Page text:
They cover intelligence in West Virginia? 😉
[…] On Tuesday, some members of the Senate Intelligence Committee, headed by Sen. Jay Rockefeller, D-W.Va., expressed new concerns. They came during questioning of Thomas Fingar, deputy director of national intelligence for analysis and chairman of the National Intelligence Council. Fingar was discussing some elements of a classified National Intelligence Estimate concerning the war in Iraq.
The NIE concerning Iraq was requested by Congress in August. It still has not been completed — and some members of the committee wanted to know why. Fingar explained that few skilled Iraq analysts are available and that the military and the White House often ask them for assessments. That cuts into time available for the NIE.
The delay upset some senators — and it should upset other Americans, too. Fingar in effect was telling the committee that the nation’s intelligence community is not able to provide Congress with timely reports on issues of great importance. That’s no way to run an intelligence operation. Congress should look into the matter and insist on improvements.
This is hardly a new issue but it may very well be a pressing one given the deluge of unseasoned staff and the exodus of gray-beards. There are always 100 “number one” tasks that have to be completed all at the same time, and oversight responsibilities be damned, The Man and the people taking fire are always going to get reports before anyone else. Live with it, or raise the manpower cap and allocate an appropriate amount of funds.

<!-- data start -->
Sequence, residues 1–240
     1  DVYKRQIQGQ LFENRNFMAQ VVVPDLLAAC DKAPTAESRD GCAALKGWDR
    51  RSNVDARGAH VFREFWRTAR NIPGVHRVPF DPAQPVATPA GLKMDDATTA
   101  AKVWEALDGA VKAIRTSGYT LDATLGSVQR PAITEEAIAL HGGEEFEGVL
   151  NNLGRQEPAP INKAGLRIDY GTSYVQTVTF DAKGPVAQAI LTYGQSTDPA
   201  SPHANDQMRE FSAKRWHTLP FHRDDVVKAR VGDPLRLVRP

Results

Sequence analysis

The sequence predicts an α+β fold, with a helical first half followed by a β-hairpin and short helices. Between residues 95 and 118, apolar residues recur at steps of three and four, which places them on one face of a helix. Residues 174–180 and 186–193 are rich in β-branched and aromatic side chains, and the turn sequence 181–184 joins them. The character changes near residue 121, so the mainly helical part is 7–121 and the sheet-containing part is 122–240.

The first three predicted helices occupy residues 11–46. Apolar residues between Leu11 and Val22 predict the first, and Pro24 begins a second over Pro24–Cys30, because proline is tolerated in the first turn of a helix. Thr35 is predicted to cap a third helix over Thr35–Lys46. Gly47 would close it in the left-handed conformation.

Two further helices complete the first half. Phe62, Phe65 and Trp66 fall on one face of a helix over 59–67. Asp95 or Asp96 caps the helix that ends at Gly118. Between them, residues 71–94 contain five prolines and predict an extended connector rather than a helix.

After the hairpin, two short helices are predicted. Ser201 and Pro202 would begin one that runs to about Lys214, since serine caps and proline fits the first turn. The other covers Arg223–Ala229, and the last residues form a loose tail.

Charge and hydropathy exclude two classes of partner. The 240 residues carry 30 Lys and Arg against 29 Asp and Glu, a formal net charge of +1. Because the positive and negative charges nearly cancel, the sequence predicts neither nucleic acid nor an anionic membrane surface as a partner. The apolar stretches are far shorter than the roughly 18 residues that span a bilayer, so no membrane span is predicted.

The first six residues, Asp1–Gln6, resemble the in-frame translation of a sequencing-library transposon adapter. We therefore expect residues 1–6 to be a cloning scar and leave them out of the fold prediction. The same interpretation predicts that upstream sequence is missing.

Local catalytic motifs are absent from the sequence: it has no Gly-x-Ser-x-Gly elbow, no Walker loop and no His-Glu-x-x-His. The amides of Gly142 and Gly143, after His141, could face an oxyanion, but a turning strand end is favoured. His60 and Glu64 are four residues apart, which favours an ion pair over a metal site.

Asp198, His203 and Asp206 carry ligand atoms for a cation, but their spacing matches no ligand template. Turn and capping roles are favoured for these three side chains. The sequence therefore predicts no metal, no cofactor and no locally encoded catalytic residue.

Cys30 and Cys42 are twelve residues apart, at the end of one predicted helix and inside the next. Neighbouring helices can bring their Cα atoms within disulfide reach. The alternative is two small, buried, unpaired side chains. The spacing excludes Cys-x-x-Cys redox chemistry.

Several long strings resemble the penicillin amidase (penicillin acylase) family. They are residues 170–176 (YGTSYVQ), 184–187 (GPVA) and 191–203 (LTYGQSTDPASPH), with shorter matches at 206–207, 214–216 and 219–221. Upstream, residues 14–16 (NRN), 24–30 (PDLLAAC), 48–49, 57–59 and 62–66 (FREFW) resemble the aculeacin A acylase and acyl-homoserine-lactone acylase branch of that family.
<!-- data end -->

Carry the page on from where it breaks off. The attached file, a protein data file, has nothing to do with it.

This is also why Intellipedia is so important. Once a baseline of knowledge about a given country, technology or mission area is assembled, providing 95% of a comprehensive assessment is a matter of a few mouse clicks by an intel tech. That gives the remaining actual experts a lot more time to dedicate to the remaining 5% of the task. Remember, as something that is communally built and constantly updated you don’t need to burn daylight in meetings. It beats starting essentially from scratch for each effort, which has long been the norm.
Hey, let’s get really radical: give committee members their own read-only accounts . . .